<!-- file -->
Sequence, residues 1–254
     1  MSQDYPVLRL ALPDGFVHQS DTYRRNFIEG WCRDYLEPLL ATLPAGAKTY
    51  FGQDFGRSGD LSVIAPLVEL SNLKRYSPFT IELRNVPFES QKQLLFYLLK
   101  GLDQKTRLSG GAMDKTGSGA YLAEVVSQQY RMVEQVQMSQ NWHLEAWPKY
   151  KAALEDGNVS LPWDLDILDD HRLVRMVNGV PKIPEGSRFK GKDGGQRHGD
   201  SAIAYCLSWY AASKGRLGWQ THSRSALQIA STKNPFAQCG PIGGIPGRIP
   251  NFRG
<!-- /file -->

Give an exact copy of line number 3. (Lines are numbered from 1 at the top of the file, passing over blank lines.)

    51  FGQDFGRSGD LSVIAPLVEL SNLKRYSPFT IELRNVPFES QKQLLFYLLK